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Senate passes bill to compensate Americans exposed to radiation by the government

Members of the Tularosa Downwinders Consortium protest near the Trinity Site during an open-house event at the site.
Tularosa Downwinders Consortium
Members of the Tularosa Downwinders Consortium protest near the Trinity Site during an open-house event at the site.

WASHINGTON (AP) — The Senate passed legislation Thursday that would compensate Americans exposed to radiation by the government by renewing a law initially passed more than three decades ago.

The bill by Sens. Josh Hawley, R-Mo., and Ben Ray Lujan, D-N.M., would expand the Radiation Exposure Compensation Act to include more people who believe that exposure caused their illnesses. While some Republicans have balked at the cost — an estimated $50 billion, according to Hawley’s office — the senators have argued that the government is at fault and should step up.

Hawley stood outside the Senate before the vote with advocates for the legislation, several of whom have been diagnosed with cancers or who have family members who have been diagnosed. He said it’s “hard to look them in the eye” and say they were poisoned by their government, “but we’re not going to be there for you.”

The bill passed the Senate 69-30, with 20 Republicans and all but two Democrats voting in favor. But its prospects in the House are uncertain.

Uranium processing in the St. Louis area played a pivotal role in developing the nuclear weapons that helped bring an end to World War II and provided a key defense during the Cold War. But eight decades later, the region is still dealing with contamination at several sites.

In July, an investigation published by The Associated Press, The Missouri Independent and MuckRock showed that the federal government and companies responsible for nuclear bomb production and atomic waste storage sites in the St. Louis area were aware of health risks, spills, improperly stored contaminants and other problems but often ignored them.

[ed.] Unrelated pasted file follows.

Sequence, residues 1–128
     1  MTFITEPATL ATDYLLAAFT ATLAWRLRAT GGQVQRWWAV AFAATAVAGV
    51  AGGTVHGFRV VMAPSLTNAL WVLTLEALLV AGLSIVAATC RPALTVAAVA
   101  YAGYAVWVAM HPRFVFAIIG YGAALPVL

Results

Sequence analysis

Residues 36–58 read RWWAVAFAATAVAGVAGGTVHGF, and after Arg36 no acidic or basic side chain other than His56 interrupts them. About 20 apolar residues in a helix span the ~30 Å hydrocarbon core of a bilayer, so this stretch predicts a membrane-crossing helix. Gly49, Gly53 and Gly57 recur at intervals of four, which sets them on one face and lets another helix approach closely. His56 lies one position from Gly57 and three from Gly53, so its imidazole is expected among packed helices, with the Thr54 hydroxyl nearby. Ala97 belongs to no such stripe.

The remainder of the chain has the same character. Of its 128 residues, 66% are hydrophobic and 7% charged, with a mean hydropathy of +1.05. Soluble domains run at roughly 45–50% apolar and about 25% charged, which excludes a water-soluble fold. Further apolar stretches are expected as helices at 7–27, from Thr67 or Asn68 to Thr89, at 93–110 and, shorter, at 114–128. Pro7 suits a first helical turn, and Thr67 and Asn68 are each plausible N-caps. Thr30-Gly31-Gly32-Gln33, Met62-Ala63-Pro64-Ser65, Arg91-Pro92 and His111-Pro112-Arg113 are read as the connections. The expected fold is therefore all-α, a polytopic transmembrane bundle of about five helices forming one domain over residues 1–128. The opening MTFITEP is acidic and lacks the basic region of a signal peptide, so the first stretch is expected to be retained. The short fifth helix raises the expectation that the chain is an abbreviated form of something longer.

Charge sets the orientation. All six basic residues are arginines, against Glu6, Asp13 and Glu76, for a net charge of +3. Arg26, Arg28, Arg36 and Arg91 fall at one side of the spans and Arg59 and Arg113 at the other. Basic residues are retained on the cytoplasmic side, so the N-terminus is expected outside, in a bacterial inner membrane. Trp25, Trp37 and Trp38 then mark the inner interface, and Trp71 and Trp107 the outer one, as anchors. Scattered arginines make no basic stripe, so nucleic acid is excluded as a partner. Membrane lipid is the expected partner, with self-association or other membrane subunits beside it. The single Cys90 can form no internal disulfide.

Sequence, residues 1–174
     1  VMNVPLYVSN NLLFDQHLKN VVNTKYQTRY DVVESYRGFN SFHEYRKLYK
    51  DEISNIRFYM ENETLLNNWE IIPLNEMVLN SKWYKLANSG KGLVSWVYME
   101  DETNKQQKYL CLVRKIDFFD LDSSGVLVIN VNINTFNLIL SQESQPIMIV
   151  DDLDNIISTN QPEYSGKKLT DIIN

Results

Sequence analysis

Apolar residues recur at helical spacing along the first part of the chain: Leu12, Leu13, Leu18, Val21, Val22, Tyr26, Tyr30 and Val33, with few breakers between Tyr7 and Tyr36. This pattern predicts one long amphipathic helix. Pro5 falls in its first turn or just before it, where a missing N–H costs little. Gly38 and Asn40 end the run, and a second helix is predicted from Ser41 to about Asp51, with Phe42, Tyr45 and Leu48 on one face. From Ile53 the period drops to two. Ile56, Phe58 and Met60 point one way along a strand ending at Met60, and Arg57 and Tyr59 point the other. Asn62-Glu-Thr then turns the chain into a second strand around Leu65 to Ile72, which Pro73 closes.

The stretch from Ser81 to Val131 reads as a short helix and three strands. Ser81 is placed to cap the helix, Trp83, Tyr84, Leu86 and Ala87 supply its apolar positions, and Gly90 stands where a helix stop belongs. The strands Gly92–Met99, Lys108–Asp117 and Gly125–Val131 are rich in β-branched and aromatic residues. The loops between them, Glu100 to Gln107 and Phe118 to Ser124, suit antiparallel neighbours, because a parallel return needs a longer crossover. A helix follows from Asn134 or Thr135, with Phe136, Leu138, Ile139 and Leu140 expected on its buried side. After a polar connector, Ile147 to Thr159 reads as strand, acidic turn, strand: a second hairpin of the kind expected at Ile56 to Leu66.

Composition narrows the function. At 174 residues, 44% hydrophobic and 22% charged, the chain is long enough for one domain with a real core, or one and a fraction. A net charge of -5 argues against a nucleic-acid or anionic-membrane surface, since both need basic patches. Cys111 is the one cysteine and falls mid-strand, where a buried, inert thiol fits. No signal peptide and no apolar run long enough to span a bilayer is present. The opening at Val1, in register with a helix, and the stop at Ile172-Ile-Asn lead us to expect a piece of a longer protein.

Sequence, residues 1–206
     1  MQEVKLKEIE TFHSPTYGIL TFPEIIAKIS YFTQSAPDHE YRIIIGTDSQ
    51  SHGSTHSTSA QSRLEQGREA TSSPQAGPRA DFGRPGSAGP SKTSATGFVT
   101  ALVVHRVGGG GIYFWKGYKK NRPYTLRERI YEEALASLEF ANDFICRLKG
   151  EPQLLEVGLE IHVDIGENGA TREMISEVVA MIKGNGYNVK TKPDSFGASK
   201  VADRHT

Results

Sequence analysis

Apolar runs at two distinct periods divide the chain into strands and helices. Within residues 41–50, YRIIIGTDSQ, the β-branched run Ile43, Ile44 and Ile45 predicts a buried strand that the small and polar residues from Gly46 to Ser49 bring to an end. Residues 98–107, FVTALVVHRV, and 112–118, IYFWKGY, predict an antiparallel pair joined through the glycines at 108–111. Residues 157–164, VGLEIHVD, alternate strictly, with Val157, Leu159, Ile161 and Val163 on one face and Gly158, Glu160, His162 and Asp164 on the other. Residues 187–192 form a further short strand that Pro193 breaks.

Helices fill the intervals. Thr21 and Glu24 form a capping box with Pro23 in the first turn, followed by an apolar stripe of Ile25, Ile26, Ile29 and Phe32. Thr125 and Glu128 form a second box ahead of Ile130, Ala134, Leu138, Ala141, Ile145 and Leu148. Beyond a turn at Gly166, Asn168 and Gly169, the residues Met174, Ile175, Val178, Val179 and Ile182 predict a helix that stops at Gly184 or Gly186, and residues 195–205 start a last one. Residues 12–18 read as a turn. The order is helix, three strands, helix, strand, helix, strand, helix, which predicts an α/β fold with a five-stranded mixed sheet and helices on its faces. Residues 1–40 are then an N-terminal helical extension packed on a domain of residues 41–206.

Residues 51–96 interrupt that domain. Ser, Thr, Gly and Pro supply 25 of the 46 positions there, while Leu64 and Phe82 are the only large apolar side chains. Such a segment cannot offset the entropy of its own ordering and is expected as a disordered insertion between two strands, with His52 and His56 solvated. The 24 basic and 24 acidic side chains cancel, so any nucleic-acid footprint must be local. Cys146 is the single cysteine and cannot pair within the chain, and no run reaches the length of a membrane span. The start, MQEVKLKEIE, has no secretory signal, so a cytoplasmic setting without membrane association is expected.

While it is difficult to prove definitively that the waste caused residents’ illnesses, the advocates argue that there is more than enough evidence that it has sickened people in the area.

“I am a two-time breast cancer survivor,” said Missouri state Rep. Chantelle Nickson-Clark, a Democrat who represents Florissant, an area that sits along the creek that was contaminated by nuclear waste in the 1960s. “I lost my mother to breast cancer, an aunt to breast cancer. Two cousins that are breast cancer survivors, a nephew that had a cancerous brain tumor and other genetic mutation deficiencies in my family. I’m here to represent a community that has been underserved, undervalued, underrepresented and unheard.”

President Joe Biden signed an executive order in 2022 extending RECA for two years, but it expires in June. Hawley’s bill would extend the law for five years and expand coverage to include people in Missouri as well as Idaho, Montana, Colorado, Tennessee, Kentucky, Alaska and Guam.

The White House indicated Wednesday that Biden would sign the legislation.

“The President believes we have a solemn obligation to address toxic exposure, especially among those who have been placed in harm’s way by the government’s actions,” the White House said in a statement.

Others worried about the cost. The taxpayer advocacy group Committee for a Responsible Federal Budget said that the legislation should include budget offsets to pay for it.